Fortran returns to top 20 TIOBE index

Excuse me if it has been posted before. Copied and pasted from index | TIOBE - The Software Quality Company

"Take a look at Fortran! This dinosaur is back in the top 20 after more than 10 years. Fortran was the first commercial programming language ever, and is gaining popularity thanks to the massive need for (scientific) number crunching. Welcome back Fortran. " Tiobe index april 2021

Fortran rises from 34th position to 20th in one year, yeah!!!

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I suggest that we track down news sites which relay the news without explanation, and often with surprise or even disbelief. For example this is a translation of a French tech news site :

Fortran is now back in 20th position, which makes it more popular than languages like Objective-C, Scratch, Transact-SQL, Rust or Kotlin!
This revival of popularity is however difficult to explain even if the pandemic has, as in the case of COBOL, often reminded administrators of the harsh reality of the technical debt and of the quantity of ancestral programs still running in a corner, sometimes forgotten by all.

Translated with www.DeepL.com/Translator (free version)

Another French site says:

This surprising return can be explained by its ability to facilitate massive calculations, especially for scientific calculations.

which says nothing, as there is no reason for a surge in massive calculations from one year to the following. Although it is not false, since it is the reason we are here.

Another site finally asks:

How do you explain the return of Fortran to the top 20 most popular programming languages?

and I posted a message in their forum with some explanations. At least this site does not just express prejudice, but asks its users to express themselves.

Most of those sites just relay the TIOBE news, without inquiring further. We could post there some comments about the Fortran-lang.org community, whose frenetic activity on the web for one year can not be unrelated to that revival.

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Fortran is up to 14th as of July 2021, compared to 17th in June and 50th a year ago. Better to rise than fall, but I am dubious that Fortran’s popularity has risen so dramatically. Classic Visual Basic rose from 20 to 11 over the same time period, but Microsoft has discontinued it in favor of VB.NET, so I don’t see that as a viable language for new development, regardless of the TIOBE ranking. Improving the Fortran ecosystem, as people are doing, is the important thing. At least a rising rank and accompanying publicity may encourage new people to explore that ecosystem.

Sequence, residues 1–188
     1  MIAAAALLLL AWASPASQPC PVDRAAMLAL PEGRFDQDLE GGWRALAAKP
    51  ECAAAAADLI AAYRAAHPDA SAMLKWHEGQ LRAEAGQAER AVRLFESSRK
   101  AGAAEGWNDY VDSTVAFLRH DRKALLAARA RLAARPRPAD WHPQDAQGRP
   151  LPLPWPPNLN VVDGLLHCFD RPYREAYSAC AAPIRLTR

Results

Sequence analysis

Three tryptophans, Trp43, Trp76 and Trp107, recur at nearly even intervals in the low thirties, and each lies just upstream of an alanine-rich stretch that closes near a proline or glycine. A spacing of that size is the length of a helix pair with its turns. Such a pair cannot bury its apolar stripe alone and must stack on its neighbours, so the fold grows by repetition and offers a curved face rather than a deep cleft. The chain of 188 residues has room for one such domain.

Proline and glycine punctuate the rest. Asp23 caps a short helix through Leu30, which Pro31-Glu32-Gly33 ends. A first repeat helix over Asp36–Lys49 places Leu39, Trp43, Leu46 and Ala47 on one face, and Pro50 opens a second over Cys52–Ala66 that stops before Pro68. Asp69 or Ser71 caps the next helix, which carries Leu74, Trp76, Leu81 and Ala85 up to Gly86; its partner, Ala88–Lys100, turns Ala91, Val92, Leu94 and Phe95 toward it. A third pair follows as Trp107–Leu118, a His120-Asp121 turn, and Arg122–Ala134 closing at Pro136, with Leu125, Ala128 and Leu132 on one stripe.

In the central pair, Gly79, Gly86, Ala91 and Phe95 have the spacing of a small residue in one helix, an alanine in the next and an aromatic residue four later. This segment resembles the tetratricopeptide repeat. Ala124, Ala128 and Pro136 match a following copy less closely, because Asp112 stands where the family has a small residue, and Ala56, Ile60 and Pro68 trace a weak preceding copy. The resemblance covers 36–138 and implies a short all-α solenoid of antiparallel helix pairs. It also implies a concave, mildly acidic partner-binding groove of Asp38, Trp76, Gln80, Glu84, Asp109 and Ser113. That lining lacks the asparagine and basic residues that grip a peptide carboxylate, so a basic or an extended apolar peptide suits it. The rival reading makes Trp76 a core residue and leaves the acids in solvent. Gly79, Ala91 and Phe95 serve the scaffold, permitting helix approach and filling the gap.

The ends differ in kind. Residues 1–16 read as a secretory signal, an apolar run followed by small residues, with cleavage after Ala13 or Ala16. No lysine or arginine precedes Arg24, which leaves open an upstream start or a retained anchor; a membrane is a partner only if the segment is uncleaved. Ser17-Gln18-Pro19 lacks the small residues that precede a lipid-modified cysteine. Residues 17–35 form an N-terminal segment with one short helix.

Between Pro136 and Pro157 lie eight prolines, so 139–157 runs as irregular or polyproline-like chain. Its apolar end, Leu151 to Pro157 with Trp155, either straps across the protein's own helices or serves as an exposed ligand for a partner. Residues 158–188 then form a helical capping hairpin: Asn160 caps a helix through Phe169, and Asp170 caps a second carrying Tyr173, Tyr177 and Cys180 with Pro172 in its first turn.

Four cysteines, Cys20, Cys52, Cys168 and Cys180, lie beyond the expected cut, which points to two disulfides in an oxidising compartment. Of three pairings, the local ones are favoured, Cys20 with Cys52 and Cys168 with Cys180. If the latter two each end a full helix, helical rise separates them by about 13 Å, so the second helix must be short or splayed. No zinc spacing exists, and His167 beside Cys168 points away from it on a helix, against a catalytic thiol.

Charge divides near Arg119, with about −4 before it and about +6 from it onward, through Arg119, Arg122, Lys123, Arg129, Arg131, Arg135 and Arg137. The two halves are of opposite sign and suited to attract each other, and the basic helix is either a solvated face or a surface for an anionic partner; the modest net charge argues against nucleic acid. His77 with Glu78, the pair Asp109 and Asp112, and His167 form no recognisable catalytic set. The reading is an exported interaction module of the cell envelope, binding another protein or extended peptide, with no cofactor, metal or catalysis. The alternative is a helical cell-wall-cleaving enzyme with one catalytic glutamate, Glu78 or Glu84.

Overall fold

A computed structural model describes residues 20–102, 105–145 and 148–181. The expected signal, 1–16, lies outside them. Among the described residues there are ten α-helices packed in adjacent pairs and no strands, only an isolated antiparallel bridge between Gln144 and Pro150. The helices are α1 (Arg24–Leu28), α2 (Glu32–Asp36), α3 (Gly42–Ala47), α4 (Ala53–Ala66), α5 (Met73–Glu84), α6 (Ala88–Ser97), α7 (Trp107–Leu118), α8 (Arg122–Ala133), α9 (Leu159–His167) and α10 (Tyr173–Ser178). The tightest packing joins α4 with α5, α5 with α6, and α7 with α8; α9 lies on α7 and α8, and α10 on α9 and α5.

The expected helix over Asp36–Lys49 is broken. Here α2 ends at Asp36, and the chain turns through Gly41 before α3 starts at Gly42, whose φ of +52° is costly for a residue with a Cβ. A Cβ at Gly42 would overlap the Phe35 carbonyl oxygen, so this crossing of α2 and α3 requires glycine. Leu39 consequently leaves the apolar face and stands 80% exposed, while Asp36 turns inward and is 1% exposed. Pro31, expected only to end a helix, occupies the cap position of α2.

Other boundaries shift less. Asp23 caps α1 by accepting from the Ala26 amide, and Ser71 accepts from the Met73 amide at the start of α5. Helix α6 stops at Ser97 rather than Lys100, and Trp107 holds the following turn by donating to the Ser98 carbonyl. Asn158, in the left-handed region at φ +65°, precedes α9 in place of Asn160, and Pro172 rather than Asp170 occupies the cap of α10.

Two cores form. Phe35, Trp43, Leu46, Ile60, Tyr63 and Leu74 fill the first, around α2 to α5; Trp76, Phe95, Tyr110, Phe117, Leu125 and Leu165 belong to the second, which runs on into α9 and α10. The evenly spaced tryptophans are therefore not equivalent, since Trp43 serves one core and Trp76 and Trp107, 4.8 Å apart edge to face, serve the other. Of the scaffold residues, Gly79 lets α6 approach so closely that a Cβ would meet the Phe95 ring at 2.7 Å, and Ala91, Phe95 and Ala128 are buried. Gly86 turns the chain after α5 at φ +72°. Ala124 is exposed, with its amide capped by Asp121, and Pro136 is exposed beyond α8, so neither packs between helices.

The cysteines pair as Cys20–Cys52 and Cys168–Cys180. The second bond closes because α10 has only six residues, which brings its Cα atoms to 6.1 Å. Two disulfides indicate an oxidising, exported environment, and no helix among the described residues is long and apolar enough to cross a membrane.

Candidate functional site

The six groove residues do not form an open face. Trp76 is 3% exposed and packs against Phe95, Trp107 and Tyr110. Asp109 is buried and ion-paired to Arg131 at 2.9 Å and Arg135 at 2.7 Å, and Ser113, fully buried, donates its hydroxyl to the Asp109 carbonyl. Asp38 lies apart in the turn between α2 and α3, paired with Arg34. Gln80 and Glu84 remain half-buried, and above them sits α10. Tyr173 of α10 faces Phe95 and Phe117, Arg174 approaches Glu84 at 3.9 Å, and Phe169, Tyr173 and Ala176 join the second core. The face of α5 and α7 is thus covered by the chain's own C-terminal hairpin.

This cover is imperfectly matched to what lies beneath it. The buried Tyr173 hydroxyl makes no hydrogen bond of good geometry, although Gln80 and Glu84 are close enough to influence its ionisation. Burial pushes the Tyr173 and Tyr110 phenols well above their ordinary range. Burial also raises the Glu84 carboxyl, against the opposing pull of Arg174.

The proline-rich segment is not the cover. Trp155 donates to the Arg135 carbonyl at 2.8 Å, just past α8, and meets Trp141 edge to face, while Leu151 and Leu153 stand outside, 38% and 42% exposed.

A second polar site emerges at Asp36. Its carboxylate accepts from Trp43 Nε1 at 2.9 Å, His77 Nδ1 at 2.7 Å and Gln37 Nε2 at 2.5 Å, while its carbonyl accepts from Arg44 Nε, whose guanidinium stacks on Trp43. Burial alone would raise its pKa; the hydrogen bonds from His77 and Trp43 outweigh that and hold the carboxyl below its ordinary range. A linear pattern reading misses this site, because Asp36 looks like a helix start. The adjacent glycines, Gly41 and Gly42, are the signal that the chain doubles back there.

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So once Fortran falls out of the ranking again in a year or two, we will simply say that those rankings don’t really represent anything useful anyway. But now while Fortran is up, we should say that of course those rankings are 100% accurate!

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This graph is more interesting:

The graph starts a little before 2002 and Fortran is on a steady down fall. I think that is accurate. There is a peak in April 2005, and a few smaller peaks between 2015-2017, that’s probably all noise. We have now surpassed both those peaks and are now at the level of 2003. If we can raise from the current 1.12% to 1.5% or more, then we will be at the highest point ever in this graph. Perhaps then we can have a discussion. :slight_smile:

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In general, pypl (PYPL PopularitY of Programming Language index) has a much less ad-hoc methodology than tiobe. Tiobe counts the number of web-pages (rather than views), and for very specific terms that can lead to some fairly major distortion.

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Perhaps a better metric would be the percentage of cycles in the Top500 machines that are spent processing Fortran-generated instructions.

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That new ranking confirms that there is a growing activity around Fortran on the net. Here we now why, but as suggested by @Beliavsky the community should use it to attract people toward Fortran, before its ranking falls again in one or two years as @certik said (the community’s effort these 18 last months is tremendous, but will probably finally normalize). Note that in that July TIOBE Index, there is no comment in the text about Fortran’s rise.

Another minor positive point is that the Fortran logo is used in the TIOBE page!

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The PYPL ranking that @oscardssmith send is interesting. They compare how often people search for “LANG tutorial”. Fortran is not even on the list, so I compared it myself:

And as you can see based on this, the ranking is Fortran < Cobol < Julia < Ada. I am surprised how much Ada is up in this ranking — is Ada really used that much? Is Ada used more than Fortran on GitHub?

Regarding what @themos said, we should do that ranking! The NERSC cpu-hour usage is available online, and it lists percentages by code. Then we lookup each code which language it is written in. I have done that about 5 years ago, and VASP (Fortran) is by far the most used code there. That is consistent with other clusters that I have seen. We should try to collect such data if they are public, and present it ourselves. Of course, the HPC data is really lagging behind, as it takes a long time for a code to mature to be used at HPC clusters.

@vmagnin, do you have any tips how we can use the temporary (?) TIOBE ranking to attract people towards Fortran?